When I set out to design creature types, I looked to Magic: the Gathering and Dungeons & Dragons for inspiration, because they’re the two game systems I’m most familiar with and they contain virtual menageries of creatures.

Magic has been around for years and has developed some very interesting and complex creature classifications, which include things from animal kingdom (birds, fish, reptiles, mammals, etc.), and the kingdoms of plants, bacteria, and fungi as well, not to mention all the weird, magical, non-living creatures.

The game started off fairly simple, where the only thing that mattered was whether a given card in question was a land, a summon, an enchantment, or a sorcery. (Instants are just sorceries with the Flash ability, and artifacts or “colorless” cards can be any of those four card types. I’d argue further that lands are just colorless green cards, but I’ll save that for another time.) Lord of Atlantis recognized creature types, though.

In recent years, Wizards of the Coast has taken steps to integrate creature types into the rules of the game more, with their “tribal” themes. Merfolk and Elves have always been cooperative tribes to some degree, with Goblins and Zombies being other major tribes of creatures, but not necessarily internally cooperative. White has Soldiers, which were generally united through other mechanics, rather than type.

Of special note, though, is how these creature types overlap or interact with one another. Generally, a creature must be either Merfolk or an Elf or a Goblin. But any creature can be a Zombie (through the miracle of necromancy!) or a Soldier (through the miracle of … training regimens?). You can have a Zombie Elf Soldier.

I think it’s important to separate out some of these things so that you can have more predictable (and tactically viable) results. Obviously, color identity is important in Magic: the Gathering, because that’s how they sell so many cards diversify the tactics of the game. You expect a certain variety of effects from Blue that you don’t expect from Green, and vice versa. Creature classification is one of those factors.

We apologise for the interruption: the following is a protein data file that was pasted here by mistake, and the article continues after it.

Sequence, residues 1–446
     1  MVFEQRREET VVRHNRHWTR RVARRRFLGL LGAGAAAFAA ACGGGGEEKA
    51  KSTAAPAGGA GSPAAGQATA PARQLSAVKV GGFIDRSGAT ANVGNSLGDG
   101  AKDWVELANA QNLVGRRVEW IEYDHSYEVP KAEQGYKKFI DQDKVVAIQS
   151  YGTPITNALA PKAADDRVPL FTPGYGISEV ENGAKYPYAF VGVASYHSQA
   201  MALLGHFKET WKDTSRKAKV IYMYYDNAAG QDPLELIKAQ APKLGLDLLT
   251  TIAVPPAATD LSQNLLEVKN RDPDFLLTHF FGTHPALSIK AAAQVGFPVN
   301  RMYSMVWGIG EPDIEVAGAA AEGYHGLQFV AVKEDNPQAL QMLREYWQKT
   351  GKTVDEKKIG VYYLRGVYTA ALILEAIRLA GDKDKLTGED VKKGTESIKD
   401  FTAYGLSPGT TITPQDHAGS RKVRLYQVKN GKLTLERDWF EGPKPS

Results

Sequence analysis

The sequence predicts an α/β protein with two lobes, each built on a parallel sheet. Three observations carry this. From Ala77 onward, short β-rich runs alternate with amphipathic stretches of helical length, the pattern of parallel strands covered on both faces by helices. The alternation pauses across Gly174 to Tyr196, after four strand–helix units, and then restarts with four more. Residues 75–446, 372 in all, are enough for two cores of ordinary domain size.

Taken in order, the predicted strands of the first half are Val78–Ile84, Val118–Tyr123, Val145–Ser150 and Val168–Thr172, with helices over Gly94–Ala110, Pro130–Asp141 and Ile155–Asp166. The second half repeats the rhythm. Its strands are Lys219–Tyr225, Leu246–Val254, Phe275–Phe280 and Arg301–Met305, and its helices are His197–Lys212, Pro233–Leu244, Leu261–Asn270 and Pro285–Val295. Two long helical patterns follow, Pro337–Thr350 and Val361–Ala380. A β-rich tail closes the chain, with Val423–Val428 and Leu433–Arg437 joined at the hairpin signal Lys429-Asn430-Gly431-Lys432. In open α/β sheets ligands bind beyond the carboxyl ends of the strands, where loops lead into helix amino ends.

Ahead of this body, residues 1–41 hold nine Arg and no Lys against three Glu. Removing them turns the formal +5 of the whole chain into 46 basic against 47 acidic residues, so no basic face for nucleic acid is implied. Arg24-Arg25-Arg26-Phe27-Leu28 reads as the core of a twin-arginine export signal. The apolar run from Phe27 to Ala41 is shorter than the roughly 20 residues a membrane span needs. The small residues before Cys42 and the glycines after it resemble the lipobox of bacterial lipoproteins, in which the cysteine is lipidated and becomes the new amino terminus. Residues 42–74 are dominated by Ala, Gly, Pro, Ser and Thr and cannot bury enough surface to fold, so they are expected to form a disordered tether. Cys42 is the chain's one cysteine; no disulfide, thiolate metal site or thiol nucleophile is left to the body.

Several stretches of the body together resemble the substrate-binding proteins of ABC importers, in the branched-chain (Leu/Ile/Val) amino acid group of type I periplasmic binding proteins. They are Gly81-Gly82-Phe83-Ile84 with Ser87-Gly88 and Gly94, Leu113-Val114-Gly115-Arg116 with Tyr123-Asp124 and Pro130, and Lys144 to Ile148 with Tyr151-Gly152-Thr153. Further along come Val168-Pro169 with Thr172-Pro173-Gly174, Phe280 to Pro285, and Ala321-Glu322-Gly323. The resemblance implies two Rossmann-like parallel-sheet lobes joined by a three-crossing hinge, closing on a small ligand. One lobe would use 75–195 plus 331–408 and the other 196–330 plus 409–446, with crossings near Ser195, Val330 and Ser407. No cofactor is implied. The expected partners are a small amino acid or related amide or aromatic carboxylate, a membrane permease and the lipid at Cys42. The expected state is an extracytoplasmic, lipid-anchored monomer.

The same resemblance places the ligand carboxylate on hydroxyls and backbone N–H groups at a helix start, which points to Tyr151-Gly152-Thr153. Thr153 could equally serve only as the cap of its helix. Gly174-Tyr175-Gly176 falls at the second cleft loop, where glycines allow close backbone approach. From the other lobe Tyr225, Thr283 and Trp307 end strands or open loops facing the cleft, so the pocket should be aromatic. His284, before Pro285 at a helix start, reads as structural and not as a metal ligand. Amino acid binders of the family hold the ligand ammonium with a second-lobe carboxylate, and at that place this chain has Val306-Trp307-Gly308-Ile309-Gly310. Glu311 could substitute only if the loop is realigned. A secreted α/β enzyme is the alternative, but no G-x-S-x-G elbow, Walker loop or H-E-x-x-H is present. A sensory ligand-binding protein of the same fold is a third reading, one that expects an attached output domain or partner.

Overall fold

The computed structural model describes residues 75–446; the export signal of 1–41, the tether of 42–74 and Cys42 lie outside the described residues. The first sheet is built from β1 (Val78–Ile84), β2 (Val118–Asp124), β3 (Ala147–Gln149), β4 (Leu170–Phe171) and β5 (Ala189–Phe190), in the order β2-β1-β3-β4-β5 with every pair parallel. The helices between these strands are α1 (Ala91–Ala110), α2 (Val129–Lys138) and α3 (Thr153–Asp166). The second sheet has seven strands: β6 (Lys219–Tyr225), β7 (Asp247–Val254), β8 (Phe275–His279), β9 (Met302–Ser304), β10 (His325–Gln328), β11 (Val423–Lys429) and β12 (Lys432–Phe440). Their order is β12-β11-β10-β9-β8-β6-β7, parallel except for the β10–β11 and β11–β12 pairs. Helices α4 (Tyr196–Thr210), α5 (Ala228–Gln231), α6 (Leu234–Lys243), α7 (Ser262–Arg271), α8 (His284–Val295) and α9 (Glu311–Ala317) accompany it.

Green Elves don’t work the same way that Green Wolves do. Blue Fish don’t work the same way that Blue Birds do. However, you can expect a certain amount of thematic similarity between White Wizards and Black Wizards (they both tend to be low on the Power and Toughness scale, for instance). In another example, a card that affects “Soldiers” won’t touch a Wizard. Take Unified Strike for example.

Dungeons & Dragons, on the other hand recognizes a more fine distinction between “class” and “race,” and in rarer cases, “sub-class” and “sub-race.” As I mentioned earlier in “Class Confusion,” several character classes have been “reclassified,” mainly to take into account new additions to the class pool. All Fighters work on similar concepts, as do all Clerics, all Rangers, and all Wizards.

In earlier editions of the game, it was sometimes very difficult to explain the difference between “race” and “class” in Dungeons & Dragons. “Elf” was just as much what you were as “Paladin,” and it wasn’t until Third Edition that the designers made clear definitions between them. You’re born into a “Race,” and you choose to live as your class “Class.” There were still some moral and social elements involved in race and/or class, but even those were eliminated in Fourth Edition.